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Tuesday, November 19, 2013

Endless Afghanistan

Via Ad Orientem.
The 25-page “Security and Defense Cooperation Agreement Between the United States of America and the Islamic Republic of Afghanistan” is a sweeping document, vague in places, highly specific in others, defining everything from the types of future missions U.S. troops would be allowed to conduct in Afghanistan, to the use of radios and the taxation of American soldiers and contractors...
Afghan officials tell NBC NEWS the agreement is critical to Afghanistan’s future stability. Without ongoing military assistance, training and funding, those officials say the government could collapse and Afghanistan would enter a civil war. If the agreement passes, the draft says Washington would commit to a long -term, indefinite military involvement in this land-locked Asian nation.
Pardon my Anglo-Saxon but, what the f***ing f***.

Further to my comment on the Phillipines, why are we propping up this pseudo-country? Why isn't Afghanistan a US colony governed by an American Raj and selling us opium and goat meat at a discount in exchange for their improving mortality rates. Why isn't the place opened up to American settlers who can go native or not as they damn well please? If the Afghans can't exercise sovereignty over their own territory, they are fair game for those who can.

Otherwise, leave and tell the Afghans the survival of their State is not the concern of the American taxpayer. And by the way, any extra-territorial trouble from them and we turn the place into a glass sheet.

I am really getting tired of this s***.

8 comments:

John (Ad Orientem) said...

But it is a US colony and the current so called government is little more than a US backed Raj. The opium is also flowing, though I think they need to work on the goat's meat. The settlers will have to wait until the natives have been relocated somewhere out of the way. Reservations perhaps?

The Anti-Gnostic said...

If it were an actual colony instead of just a pile of rocks in central Asia, the Afghans would be paying for the privilege of having us there to keep them from slaughtering each other. If such attitudes offend American sensibilities, then Americans need to get out of the imperialism business.

lannes said...

You're getting more foul-mouthed by the day. Try to be a little more refined, OK?

Jason said...

AG,
To answer your question, the answer, as always these days, is MONEY.

If we're able to keep forces there, then that means massive economic benefits for defense contractors and their representatives in government; a system otherwise known as graft.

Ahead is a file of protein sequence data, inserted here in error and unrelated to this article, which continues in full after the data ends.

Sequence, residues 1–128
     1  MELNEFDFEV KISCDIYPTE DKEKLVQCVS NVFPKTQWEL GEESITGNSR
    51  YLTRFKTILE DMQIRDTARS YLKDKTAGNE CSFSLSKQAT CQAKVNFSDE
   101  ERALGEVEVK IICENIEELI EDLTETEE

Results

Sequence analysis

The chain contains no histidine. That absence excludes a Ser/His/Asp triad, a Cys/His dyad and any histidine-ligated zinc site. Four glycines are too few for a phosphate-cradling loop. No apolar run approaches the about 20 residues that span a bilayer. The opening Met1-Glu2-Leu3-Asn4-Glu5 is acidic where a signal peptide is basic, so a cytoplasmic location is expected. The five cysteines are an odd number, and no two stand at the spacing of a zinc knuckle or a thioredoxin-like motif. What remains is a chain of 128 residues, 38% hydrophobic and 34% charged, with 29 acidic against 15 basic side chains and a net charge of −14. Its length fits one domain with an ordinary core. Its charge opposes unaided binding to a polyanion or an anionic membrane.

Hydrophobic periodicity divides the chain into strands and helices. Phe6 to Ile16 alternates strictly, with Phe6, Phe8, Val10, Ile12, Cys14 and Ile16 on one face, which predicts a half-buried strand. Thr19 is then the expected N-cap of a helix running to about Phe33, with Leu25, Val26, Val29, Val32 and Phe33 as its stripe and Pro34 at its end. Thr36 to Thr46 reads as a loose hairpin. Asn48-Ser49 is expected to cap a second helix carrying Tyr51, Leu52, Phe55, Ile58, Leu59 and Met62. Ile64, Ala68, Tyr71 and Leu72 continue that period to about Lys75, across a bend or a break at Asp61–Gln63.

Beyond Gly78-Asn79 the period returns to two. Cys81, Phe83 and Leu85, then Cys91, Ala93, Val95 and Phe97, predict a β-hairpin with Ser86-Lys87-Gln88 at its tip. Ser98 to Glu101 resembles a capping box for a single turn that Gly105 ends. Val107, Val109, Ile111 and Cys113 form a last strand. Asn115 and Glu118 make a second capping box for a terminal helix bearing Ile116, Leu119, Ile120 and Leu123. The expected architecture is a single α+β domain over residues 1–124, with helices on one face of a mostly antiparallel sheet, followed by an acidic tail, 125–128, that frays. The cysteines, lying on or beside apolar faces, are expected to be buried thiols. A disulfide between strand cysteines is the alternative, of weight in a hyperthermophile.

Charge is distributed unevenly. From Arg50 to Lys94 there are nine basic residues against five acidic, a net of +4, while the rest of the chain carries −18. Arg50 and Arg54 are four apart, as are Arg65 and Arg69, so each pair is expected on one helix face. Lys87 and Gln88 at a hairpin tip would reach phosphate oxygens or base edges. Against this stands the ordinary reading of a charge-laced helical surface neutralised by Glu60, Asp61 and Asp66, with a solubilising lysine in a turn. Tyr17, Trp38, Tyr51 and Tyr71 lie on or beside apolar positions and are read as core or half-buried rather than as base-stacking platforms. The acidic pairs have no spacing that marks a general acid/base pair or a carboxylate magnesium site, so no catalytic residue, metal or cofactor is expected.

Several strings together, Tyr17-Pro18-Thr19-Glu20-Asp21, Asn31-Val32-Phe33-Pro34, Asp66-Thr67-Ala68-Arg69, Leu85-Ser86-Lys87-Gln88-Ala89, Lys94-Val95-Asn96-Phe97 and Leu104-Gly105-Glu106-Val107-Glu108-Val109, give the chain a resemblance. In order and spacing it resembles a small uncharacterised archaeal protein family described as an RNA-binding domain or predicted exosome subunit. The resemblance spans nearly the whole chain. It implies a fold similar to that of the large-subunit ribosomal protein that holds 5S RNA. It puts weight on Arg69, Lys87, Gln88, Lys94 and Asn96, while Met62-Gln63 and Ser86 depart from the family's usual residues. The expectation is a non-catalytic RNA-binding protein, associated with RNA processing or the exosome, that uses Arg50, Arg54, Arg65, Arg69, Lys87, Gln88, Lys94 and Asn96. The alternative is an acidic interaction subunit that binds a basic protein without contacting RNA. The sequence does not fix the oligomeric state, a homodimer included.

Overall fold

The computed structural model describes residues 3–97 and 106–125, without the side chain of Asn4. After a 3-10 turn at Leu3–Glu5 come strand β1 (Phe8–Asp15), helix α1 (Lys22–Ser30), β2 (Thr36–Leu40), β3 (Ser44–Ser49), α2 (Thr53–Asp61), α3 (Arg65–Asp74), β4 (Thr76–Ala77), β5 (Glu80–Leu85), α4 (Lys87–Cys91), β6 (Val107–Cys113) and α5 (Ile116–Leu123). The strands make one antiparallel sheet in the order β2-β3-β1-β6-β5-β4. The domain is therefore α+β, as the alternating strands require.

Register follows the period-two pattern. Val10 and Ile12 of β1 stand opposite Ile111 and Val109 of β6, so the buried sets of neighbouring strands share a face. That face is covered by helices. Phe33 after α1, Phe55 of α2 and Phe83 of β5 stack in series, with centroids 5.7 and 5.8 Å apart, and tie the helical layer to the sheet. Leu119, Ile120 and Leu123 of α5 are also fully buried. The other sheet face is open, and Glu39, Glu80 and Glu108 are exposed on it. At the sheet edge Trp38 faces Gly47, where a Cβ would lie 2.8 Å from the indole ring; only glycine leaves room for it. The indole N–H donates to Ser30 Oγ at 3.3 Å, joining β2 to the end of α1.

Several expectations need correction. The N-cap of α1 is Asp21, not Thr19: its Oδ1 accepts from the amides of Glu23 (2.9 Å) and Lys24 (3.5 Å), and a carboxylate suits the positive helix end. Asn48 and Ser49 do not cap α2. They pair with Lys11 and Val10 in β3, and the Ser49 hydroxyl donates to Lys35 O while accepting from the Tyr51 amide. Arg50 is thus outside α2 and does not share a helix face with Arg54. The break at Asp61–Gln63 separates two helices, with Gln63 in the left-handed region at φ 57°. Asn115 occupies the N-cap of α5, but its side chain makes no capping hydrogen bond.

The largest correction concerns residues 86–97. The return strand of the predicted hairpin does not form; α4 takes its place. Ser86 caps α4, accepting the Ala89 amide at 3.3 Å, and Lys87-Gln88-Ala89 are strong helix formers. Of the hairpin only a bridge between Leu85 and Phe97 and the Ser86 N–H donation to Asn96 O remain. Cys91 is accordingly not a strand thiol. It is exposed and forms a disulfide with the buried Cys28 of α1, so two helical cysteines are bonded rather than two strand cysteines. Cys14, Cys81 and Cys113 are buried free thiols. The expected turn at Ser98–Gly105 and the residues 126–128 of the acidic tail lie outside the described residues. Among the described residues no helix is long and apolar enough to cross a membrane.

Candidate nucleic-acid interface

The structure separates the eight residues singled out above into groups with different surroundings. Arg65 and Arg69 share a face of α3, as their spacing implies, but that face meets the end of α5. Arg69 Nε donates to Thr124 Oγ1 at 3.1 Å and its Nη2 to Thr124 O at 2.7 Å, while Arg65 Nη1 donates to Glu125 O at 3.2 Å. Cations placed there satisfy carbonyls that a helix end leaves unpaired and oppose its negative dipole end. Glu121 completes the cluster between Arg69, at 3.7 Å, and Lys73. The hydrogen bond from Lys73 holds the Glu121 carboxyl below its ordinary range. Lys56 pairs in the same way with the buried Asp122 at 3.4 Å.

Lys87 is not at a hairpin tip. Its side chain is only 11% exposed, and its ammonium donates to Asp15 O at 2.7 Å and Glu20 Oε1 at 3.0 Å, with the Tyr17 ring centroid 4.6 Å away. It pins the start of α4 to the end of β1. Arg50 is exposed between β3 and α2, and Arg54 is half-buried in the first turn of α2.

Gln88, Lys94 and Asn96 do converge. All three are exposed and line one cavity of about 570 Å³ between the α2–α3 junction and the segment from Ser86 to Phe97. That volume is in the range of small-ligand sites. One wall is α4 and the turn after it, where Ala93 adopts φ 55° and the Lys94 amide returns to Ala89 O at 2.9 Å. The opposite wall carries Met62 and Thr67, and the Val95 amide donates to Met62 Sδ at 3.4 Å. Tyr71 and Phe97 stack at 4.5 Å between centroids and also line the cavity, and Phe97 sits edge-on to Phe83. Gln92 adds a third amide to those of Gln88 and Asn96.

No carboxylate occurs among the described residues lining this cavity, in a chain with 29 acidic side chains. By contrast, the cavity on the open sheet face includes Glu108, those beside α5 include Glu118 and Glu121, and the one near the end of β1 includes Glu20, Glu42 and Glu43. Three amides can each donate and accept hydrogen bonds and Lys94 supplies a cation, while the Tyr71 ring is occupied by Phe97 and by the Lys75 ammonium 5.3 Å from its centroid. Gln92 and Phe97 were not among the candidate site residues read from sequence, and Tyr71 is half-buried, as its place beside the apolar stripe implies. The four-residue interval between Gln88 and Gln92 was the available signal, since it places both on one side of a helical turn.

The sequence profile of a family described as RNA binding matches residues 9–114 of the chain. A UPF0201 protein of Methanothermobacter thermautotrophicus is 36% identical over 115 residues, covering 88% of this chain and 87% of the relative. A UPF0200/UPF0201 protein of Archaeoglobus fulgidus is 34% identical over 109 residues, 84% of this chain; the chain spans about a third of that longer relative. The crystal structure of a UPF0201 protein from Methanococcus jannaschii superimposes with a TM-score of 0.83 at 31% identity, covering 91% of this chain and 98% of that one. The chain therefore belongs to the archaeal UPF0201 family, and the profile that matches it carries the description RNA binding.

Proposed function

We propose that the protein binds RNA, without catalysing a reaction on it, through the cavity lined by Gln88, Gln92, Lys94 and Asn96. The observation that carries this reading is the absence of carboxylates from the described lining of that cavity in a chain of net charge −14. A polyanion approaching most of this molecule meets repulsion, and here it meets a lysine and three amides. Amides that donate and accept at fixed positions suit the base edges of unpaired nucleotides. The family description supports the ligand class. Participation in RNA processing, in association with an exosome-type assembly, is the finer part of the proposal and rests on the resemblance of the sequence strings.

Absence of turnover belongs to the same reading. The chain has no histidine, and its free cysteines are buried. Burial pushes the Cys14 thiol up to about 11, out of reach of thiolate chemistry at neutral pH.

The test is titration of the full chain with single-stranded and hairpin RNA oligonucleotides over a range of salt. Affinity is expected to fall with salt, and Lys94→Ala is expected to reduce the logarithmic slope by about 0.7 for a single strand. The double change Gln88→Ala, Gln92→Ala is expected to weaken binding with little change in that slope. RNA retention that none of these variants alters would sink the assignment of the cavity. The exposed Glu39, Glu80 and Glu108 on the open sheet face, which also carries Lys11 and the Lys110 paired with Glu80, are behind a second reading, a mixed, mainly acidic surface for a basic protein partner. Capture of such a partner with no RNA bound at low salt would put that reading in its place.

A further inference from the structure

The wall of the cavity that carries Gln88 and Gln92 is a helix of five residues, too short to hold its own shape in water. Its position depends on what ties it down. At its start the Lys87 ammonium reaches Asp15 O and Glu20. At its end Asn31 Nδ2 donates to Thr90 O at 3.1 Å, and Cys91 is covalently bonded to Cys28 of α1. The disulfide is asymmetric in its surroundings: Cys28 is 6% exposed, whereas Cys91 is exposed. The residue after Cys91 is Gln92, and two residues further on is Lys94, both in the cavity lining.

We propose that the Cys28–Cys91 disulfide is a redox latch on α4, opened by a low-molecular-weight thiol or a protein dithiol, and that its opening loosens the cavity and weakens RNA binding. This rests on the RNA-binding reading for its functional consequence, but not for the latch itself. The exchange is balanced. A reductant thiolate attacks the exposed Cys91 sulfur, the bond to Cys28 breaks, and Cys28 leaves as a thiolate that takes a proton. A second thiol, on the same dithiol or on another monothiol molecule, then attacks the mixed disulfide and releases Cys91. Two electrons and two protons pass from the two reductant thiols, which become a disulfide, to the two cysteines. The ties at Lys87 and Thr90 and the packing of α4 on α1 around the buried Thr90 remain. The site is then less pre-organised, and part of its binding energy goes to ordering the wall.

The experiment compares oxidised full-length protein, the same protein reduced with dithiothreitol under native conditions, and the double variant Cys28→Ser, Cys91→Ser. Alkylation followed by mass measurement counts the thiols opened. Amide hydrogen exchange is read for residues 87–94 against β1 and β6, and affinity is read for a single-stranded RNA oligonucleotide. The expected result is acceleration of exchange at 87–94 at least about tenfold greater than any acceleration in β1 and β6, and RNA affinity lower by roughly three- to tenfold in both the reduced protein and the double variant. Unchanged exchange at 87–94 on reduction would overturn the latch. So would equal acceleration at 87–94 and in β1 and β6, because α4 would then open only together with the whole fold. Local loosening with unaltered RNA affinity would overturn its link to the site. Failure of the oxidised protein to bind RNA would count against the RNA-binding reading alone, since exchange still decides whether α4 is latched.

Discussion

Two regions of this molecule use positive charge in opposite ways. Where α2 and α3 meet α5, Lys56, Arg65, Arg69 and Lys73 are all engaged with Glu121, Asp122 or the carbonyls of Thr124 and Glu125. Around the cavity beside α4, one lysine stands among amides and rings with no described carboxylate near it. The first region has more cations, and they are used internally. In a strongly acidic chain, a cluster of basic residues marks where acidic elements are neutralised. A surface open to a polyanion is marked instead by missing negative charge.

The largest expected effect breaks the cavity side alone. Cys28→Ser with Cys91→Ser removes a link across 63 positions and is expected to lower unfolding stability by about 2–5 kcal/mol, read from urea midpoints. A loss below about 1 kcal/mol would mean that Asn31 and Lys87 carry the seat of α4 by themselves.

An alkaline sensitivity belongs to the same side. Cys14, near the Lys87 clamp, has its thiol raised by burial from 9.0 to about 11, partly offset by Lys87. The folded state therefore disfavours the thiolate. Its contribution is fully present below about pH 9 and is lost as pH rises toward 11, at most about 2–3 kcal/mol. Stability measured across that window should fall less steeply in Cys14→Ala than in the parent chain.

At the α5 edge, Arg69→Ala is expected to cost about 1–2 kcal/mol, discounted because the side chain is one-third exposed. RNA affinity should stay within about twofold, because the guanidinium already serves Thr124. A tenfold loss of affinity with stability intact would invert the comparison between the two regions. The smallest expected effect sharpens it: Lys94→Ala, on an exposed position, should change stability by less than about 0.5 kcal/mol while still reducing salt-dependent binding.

For a US-backed Raj system to work, the Raj or ruling family would have to be as rich as the Saudis, which the Afghanis are not and will never be. Therefore, the gravy train rests on contracts and the way to keep that going is permanent occupation.

Just thinking about the fact that we're going to have a fully equiped army patrolling a geographic no-man's land to fight supposed enemies that have no air force, limited fire power and IEDs, is sickening.

DJF said...

The US has never been good at the colonization business. The Philippines cost the US far more then the US got out of it. Guam only value is for the Pentagon's world wide defense of globalism. The US Virgin Islands outside of the tourist zones is a crime ridden third world country. Puerto Rico has been a basket case for more then 100 years.

One of Puerto Rico's claims to fame is that "by 2010, nine of the top 10 U.S. ZIP Codes for workers receiving disability benefits were on the island"

http://www.cato.org/blog/social-security-disability-fraud-puerto-rico

The US was pretty good at the expand the nation business. It took over large parts of North America, killing, driving out or marginalizing the natives while flooding the area with Americans. But that was a century ago and now the US is being colonized. Eisenhower's deporting the Mexicans was the last gasp of that and then the 1963 immigration bill was the end of the old policy

Anonymous said...

Empires generally don't benefit the majority of the home country. They benefit relatively narrow interests - merchants, industrialists, corporations, etc. from the home country that engage in trade with the colonies and obtain concessions, and caciques, the cooperating local rulers from the native population. The benefits are concentrated while the costs are dispersed and distributed among the majority of the home country, who pay in terms of blood as soldiers as well as in treasure and loss of independence through taxes and through facing competition from foreign products and labor, which the empire makes available via its trade networks.

Anonymous said...

We do have an empire. Chalmers Johnson wrote a classic piece on America's "empire of bases":

http://www.tomdispatch.com/post/1181/chalmers_johnson_america%27s_empire_of_bases

Jason said...

^ Excellent link, Anon.